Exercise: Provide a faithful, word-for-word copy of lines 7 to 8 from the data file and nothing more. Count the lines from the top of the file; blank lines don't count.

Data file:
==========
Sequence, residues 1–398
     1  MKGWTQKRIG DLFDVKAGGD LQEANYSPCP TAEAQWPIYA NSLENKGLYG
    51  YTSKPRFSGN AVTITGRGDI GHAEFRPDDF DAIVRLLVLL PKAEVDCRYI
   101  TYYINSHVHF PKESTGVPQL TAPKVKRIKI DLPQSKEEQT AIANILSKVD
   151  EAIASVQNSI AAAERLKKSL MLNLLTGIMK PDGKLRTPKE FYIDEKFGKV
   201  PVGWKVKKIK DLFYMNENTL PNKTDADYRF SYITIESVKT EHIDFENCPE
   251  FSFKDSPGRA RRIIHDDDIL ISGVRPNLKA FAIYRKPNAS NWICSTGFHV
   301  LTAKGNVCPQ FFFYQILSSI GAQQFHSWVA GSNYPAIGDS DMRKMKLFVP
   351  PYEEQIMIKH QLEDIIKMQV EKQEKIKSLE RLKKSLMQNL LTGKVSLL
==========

   251  FSFKDSPGRA RRIIHDDDIL ISGVRPNLKA FAIYRKPNAS NWICSTGFHV
   301  LTAKGNVCPQ FFFYQILSSI GAQQFHSWVA GSNYPAIGDS DMRKMKLFVP